LOUISVILLE, Ky. (AP) - To William Dembski, all the debate in this country over evolution won't matter in a decade.
By then, he says, the theory of evolution put forth by Charles Darwin 150 years ago will be "dead."
The mathematician turned Darwin critic says there is much to be learned about how life evolved on this planet. And he believes the model of evolution accepted by the scientific community won't be able to supply the answers.
"I see this all disintegrating very quickly," he said.
Dembski is one of the country's leading proponents of intelligent design, which asserts that certain features of living organisms are best explained by an intelligent cause. The ideas put forth by Dembski's movement have piqued the interest of some local school boards, churches and politicians - including Kentucky's governor and President Bush.
But biologists call Dembski's statements on the death of evolution absurd. They say intelligent design, or ID, has failed as a science, so its supporters are trying to foster interest in a receptive public.
Dembski, who holds a Ph.D. in both mathematics and philosophy, teaches a course on intelligent design at the Southern Baptist Theological Seminary in Louisville. He calls Darwinian evolution "viscerally unacceptable" to most Americans.
"It is a reasonable question to ask if there are patterns in biological systems that point us to intelligence," he said in an interview. "It is a reasonable question to ask what are the limits to evolutionary mechanisms."
Kentucky Gov. Ernie Fletcher called design by an intelligent source a "self-evident truth" in his annual State of the Commonwealth address in January. Fletcher has said he would encourage schools to teach the concept.
That is despite a December ruling by a federal judge in Pennsylvania that ID should not be taught as science in Dover, Pa., schools.
U.S. District Judge John E. Jones wrote that "overwhelming evidence at trial established that ID is a religious view, a mere relabeling of creationism, and not a scientific theory." Jones found intelligent design failed as a scientific theory because it can't be tested.
"He pretty much pegged it for what it was," said James Krupa, an associate biology professor at the University of Kentucky. "It really should just be called God theory."
Krupa said evolution science is not dying.
"It's the driving force, it's the foundation of all biology," said Krupa, who teaches evolution courses at the university. "Natural selection and evolution theory are getting stronger and stronger."
For the American public, opinions on evolution vary.
According to a 2004 Gallup poll, about 35 percent of Americans believe Darwin's theory is well supported by evidence, another 35 percent said it is not and 29 percent said they didn't know enough about it.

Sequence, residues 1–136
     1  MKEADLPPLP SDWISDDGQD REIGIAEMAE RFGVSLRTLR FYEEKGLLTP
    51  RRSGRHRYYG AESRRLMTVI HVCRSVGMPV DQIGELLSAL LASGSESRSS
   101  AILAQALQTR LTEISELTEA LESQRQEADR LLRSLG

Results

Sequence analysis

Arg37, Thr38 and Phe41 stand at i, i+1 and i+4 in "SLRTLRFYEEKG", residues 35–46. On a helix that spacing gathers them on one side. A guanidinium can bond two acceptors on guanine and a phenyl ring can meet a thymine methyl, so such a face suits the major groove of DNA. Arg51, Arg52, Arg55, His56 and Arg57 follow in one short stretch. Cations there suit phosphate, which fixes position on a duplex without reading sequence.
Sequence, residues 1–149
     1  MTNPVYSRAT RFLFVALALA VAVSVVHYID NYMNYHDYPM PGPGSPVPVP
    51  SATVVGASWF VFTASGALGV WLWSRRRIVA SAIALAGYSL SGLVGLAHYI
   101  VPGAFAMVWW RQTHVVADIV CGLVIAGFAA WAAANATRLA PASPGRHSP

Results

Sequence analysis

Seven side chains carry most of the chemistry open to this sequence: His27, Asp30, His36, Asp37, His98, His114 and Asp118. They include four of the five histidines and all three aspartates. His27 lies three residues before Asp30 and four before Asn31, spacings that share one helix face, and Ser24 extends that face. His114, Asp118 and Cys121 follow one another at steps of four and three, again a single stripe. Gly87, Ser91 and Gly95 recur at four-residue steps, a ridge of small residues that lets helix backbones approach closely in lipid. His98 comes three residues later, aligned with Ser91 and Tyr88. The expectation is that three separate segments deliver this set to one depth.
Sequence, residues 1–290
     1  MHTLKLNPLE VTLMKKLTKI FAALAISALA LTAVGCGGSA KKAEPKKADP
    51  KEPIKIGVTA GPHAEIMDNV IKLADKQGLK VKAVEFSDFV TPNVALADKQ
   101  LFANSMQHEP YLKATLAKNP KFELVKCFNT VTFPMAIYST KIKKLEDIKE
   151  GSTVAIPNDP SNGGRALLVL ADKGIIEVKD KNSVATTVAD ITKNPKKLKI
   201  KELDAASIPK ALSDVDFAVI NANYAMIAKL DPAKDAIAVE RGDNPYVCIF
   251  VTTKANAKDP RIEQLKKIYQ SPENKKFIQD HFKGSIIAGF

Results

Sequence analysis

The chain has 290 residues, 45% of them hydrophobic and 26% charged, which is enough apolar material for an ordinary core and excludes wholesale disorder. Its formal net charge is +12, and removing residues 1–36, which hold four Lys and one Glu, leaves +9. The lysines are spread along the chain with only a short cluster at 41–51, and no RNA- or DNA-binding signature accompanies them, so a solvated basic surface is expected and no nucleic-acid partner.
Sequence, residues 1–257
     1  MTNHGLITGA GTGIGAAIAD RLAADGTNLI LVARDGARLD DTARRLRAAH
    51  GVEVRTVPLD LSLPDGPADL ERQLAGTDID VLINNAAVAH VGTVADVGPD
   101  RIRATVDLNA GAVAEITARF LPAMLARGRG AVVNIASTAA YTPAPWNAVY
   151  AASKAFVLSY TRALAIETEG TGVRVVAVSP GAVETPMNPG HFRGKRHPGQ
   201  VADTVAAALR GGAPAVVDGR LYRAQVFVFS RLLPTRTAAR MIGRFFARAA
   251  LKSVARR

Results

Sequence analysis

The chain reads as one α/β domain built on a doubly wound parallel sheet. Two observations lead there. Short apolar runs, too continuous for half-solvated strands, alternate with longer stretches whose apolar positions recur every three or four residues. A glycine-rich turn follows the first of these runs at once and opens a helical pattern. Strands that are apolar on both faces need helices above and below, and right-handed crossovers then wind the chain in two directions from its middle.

Several state legislatures are considering bills critical of the traditional teaching of evolution in the classroom. Legislators in Oklahoma and Missouri have introduced measures to change science teaching standards. In Nevada, a masonry contractor has introduced a constitutional amendment that says there are many questions about evolution.
"It's an ongoing debate; I'm not surprised that the public tends to be somewhat interested in it," said Rob Crowther, a spokesman for the Seattle-based Discovery Institute, which funds intelligent design research.
That debate is fueled by a belief that Darwinian evolution is linked to atheism, said Eugenie Scott, director of the National Center for Science Education, and former UK professor.
"This is actually, I think, key to understanding this whole controversy in this country: people think that because science restricts itself to a natural cause, it's therefore saying that God had nothing to do with it."
Dembski and other ID proponents say intelligent design is in its "infancy" and not yet ready to be taught alongside evolution in the science classroom. Crowther said the Discovery Institute actually opposed the actions by the Pennsylvania school board that brought the federal court case.
"People assume that we must be actively and aggressively seeking for intelligent design to be put in the classroom, and that's not our position. What should be required in a classroom is more about evolution, and by that we mean students should be able to learn not only the evidence that supports it, but also some of the criticisms of the theory."
That is enough for now, Dembski said.
"I guess I would say that even though intelligent design has a long way to go, it seems to me evolutionary theory is so problematic that just about any alternative that's scientific, or has the possibility (of being scientific) should be allowed on the table."
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